Moshoeshoe the Great

Moshoeshoe began as a leader of a small village and in around 1820 he led his villagers to Butha-Buthe (Place of Lying Down). From this mountain stronghold his people survived the first battles of the difaqane and in 1824 Moshoeshoe began his policy of assisting refugees who helped in his defence. Later in the same year he moved his people to Thaba-Bosiu (Mountain at Night), a mountain top that was even easier to defend.

From Thaba-Bosiu, Moshoeshoe played a patient game of placating the stronger local rulers and granting protection - as well as land and cattle - to refugees. These people were to form Basotholand, which, by the time of Moshoeshoe's death in 1870, had a population of more than 150,000.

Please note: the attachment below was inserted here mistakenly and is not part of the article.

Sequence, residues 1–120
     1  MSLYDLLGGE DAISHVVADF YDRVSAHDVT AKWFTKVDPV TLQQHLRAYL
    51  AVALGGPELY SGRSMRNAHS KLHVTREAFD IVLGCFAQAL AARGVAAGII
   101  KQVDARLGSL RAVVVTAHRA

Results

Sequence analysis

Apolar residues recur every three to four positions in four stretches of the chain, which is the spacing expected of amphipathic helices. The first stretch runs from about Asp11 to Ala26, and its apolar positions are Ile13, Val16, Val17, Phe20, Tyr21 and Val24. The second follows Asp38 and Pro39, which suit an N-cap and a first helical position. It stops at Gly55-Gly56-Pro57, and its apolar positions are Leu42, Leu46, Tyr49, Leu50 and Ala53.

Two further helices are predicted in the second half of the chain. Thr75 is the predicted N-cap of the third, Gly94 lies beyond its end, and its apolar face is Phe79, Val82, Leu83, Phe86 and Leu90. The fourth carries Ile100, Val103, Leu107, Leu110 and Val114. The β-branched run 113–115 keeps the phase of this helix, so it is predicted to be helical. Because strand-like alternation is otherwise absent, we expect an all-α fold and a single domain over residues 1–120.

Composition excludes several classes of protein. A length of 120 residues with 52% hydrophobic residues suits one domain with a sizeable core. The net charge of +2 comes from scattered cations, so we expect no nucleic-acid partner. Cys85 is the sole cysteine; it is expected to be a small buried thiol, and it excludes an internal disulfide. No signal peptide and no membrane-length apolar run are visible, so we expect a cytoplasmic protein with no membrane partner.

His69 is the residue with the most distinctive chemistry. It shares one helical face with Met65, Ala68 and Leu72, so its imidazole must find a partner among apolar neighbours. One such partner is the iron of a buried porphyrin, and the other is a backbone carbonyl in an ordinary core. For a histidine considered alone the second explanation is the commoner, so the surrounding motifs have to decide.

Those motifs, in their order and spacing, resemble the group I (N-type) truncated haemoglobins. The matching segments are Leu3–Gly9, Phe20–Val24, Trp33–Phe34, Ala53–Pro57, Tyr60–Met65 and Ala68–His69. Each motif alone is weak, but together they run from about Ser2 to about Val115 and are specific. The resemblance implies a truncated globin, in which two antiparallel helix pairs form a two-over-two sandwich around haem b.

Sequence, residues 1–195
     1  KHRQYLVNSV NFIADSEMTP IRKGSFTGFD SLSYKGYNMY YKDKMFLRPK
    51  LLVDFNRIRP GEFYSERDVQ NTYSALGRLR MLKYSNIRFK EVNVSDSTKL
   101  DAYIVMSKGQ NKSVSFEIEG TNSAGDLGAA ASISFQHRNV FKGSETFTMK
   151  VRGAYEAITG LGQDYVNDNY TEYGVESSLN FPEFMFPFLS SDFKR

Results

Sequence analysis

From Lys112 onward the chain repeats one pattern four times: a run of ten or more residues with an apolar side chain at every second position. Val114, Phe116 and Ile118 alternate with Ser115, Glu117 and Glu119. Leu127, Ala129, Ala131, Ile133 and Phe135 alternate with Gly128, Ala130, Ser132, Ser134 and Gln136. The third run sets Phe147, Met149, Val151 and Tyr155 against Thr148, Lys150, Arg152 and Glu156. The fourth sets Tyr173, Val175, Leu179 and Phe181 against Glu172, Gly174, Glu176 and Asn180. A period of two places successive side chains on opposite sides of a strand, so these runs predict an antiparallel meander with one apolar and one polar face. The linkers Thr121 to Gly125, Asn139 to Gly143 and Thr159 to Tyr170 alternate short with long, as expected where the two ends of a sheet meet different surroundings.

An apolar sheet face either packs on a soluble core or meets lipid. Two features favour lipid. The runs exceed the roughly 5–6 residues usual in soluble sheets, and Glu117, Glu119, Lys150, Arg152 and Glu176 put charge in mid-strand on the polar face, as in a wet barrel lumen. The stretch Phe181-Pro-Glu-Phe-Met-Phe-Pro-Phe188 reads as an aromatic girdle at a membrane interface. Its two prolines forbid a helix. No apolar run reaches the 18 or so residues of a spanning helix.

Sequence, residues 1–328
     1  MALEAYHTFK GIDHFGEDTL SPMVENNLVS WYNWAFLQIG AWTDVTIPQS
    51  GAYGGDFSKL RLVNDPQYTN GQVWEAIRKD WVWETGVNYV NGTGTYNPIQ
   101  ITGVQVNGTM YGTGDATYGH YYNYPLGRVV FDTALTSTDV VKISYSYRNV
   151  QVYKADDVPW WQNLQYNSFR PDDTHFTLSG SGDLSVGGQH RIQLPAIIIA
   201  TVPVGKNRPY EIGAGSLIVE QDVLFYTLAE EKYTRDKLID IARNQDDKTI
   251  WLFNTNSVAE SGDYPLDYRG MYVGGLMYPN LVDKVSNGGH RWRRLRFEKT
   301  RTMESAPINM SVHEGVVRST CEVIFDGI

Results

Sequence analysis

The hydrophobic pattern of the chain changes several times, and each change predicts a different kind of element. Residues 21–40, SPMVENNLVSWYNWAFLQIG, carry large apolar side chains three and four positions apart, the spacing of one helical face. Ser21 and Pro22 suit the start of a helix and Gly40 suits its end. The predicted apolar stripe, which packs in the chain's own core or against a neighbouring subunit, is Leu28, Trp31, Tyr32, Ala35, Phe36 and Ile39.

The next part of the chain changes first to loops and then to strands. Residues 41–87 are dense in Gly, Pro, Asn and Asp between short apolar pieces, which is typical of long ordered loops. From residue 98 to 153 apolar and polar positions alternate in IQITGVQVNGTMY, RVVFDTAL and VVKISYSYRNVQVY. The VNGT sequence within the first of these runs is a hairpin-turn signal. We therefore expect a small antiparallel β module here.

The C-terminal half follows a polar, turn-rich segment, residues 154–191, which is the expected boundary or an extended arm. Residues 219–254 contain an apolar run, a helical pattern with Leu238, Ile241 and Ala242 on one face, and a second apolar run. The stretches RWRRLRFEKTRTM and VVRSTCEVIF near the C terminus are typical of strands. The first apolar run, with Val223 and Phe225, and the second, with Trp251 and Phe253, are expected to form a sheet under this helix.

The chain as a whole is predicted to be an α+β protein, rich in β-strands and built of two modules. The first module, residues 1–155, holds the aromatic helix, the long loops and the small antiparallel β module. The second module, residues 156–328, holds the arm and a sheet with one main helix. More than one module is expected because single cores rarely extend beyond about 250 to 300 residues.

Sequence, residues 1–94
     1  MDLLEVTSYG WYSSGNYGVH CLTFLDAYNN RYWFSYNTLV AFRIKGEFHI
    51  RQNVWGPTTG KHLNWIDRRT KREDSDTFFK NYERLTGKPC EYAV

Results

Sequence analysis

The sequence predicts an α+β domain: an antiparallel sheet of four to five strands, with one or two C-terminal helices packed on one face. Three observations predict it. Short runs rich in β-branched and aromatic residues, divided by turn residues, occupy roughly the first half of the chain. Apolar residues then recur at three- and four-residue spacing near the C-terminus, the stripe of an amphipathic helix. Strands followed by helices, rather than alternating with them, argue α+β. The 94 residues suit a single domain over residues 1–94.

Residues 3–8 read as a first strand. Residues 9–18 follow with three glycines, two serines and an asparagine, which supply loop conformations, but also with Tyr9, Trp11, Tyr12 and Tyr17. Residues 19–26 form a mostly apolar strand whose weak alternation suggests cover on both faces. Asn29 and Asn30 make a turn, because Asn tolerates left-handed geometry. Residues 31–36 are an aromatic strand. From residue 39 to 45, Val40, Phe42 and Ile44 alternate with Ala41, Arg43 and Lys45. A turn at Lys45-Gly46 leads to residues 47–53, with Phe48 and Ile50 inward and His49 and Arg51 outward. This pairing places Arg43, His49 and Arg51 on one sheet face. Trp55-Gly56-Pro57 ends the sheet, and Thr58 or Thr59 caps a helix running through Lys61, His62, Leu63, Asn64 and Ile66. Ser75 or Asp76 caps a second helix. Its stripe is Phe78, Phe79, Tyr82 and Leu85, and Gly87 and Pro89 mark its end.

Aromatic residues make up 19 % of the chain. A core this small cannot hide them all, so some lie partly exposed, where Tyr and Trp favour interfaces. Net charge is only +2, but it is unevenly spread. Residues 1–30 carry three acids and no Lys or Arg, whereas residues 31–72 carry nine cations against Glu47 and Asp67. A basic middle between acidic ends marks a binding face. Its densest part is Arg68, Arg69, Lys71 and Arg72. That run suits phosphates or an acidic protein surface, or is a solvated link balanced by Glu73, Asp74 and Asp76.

The welcome Moshoeshoe gave to missionaries, and his ability to take their advice without being dominated by them, was another factor in Basotholand's emergence and survival. The first missionaries arrived in 1833 from the Paris Evangelical Missionary

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